Home India News Empowering Taste and Women Entrepreneurs: Doodhpathri’s Culinary Queens in J&K Redefine Tradition

Empowering Taste and Women Entrepreneurs: Doodhpathri’s Culinary Queens in J&K Redefine Tradition

A wide view of stalls set up by local women folk in Dodhpathri area of Central Kashmir’s Budgam district. Photo: Amir Bin Rafi

Mehar Zargar, TwoCircles.net 

Srinagar: Amidst the picturesque scenery of Doodhpathri in Jammu Kashmir’s Budgam district, where lush meadows meet flowing streams, a remarkable story unfolds. Here, dozens of women entrepreneurs run stalls, serving up not just delicious food but also breaking barriers and setting examples. One such entrepreneur, Afroza Bano, juggles kneading dough, cooking rotis and serving customers — all while her family pitches in, showcasing a harmonious blend of work and home life.

At these stalls, patrons find more than just tea and cornbread; they discover a warm, inviting atmosphere reminiscent of home. This microcosm of entrepreneurship offers a refreshing change, with over 40 women leading the charge, supported wholeheartedly by their families. It is a departure from the norm, where usually only men run such stalls.

Afroza’s stall, like many others, offers a diverse menu of traditional Kashmiri delights, prepared with love and care. Her freshly made maize chapatis are a specialty, drawing both locals and tourists alike. It is not just about the food, it is about the experience — a taste of Kashmiri hospitality in every bite.

Ulfat Bano offering tea, bread, and a variety of food to her customers at her stall at the entrance of Doodhpathri. Photo: Amir Bin Rafi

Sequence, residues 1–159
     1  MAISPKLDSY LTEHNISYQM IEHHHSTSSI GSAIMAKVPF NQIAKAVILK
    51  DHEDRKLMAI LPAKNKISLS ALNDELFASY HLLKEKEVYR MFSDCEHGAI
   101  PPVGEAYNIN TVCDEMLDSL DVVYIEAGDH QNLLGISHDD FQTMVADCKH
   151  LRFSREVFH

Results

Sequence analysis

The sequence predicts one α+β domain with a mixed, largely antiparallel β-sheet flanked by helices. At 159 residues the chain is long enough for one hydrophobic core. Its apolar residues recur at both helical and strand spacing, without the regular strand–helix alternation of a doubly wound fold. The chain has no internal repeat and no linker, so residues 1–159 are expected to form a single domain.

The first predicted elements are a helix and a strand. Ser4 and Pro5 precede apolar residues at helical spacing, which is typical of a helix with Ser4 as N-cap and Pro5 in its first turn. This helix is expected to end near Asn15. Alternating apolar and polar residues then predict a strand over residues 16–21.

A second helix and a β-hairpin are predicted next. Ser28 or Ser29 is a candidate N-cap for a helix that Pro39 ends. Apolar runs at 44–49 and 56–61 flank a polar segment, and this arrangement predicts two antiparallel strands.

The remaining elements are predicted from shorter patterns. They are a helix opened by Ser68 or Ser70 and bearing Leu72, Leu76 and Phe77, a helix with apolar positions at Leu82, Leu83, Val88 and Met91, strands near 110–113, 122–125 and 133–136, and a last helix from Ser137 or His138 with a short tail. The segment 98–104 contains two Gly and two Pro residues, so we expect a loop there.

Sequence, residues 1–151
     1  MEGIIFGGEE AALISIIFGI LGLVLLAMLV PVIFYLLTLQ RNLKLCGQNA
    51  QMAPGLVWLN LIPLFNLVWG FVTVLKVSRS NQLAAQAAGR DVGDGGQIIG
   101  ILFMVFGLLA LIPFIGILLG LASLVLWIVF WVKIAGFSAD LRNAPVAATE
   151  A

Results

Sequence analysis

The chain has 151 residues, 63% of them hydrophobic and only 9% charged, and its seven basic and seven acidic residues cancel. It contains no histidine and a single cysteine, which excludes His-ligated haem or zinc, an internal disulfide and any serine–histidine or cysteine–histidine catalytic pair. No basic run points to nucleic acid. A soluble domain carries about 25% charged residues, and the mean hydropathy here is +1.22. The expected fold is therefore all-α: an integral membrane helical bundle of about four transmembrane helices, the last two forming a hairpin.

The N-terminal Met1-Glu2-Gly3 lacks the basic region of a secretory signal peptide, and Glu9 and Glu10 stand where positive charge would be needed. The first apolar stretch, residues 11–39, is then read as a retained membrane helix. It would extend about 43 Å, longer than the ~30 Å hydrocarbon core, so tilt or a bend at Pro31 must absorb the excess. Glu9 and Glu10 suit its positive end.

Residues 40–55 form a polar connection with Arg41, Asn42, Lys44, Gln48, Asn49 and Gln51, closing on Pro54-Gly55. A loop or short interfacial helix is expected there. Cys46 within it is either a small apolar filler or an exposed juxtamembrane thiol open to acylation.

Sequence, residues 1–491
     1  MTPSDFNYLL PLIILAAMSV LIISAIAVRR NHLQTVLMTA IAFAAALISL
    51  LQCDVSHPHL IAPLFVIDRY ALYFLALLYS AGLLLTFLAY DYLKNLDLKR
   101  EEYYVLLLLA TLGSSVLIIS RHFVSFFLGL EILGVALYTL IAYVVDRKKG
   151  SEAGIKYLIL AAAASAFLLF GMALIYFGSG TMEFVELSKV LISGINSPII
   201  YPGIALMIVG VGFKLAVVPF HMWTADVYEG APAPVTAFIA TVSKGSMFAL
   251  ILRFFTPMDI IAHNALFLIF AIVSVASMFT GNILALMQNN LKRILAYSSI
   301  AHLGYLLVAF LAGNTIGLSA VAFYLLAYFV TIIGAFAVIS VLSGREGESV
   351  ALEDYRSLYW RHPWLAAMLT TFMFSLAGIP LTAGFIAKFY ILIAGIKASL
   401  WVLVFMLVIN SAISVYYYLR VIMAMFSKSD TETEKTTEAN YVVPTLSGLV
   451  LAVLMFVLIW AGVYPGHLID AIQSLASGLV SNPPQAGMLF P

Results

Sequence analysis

In a region where male dominance often prevails in such endeavors, these women stood out, managing both their businesses and households with aplomb. Over 40 women, not just one or two, manage stalls here, setting an inspiring example for others. Their innovative spirit and determination were evident, challenging traditional gender norms and paving the way for a more inclusive future.

“For the past two years, we have curated a diverse menu at our stalls situated along Doodhpathri Road (nestled between the tourism office and the viewpoint area). Our offerings encompass an array of traditional Kashmiri delicacies, including ‘noon chai’, ‘chapati’, maggie, ‘saag’ and ‘makki di roti’. Personally, my expertise lies in crafting freshly baked maize chapatis on-site (a warm and inviting treat for both tourists and locals alike). Should anyone crave the authentic flavors of Kashmiri cuisine, we are delighted to cater to their tastes,” Afroza shared warmly.

This grassroots initiative provides valuable insights into enhancing women’s involvement in the country’s workforce. According to the Periodic Labour Force Survey Report 2022-23 published by the Ministry of Statistics and Programme Implementation on October 9, 2023, the female labour force participation rate in the nation witnessed a significant rise of 4.2 percentage, reaching 37.0% in 2023, as measured by the “usual status” concept of labour force participation.

Ulfat Bano making cornbread (makki di roti) for customers at Doodhpathri’s entrance. Photo: Amir Bin Rafi

Mushtaq, Afroza’s husband, said, “We usually work together, but on weekends, our children lend a hand. The opening of Doodhpathri during winters has enabled us to sustain our livelihood, which was otherwise challenging during winters.”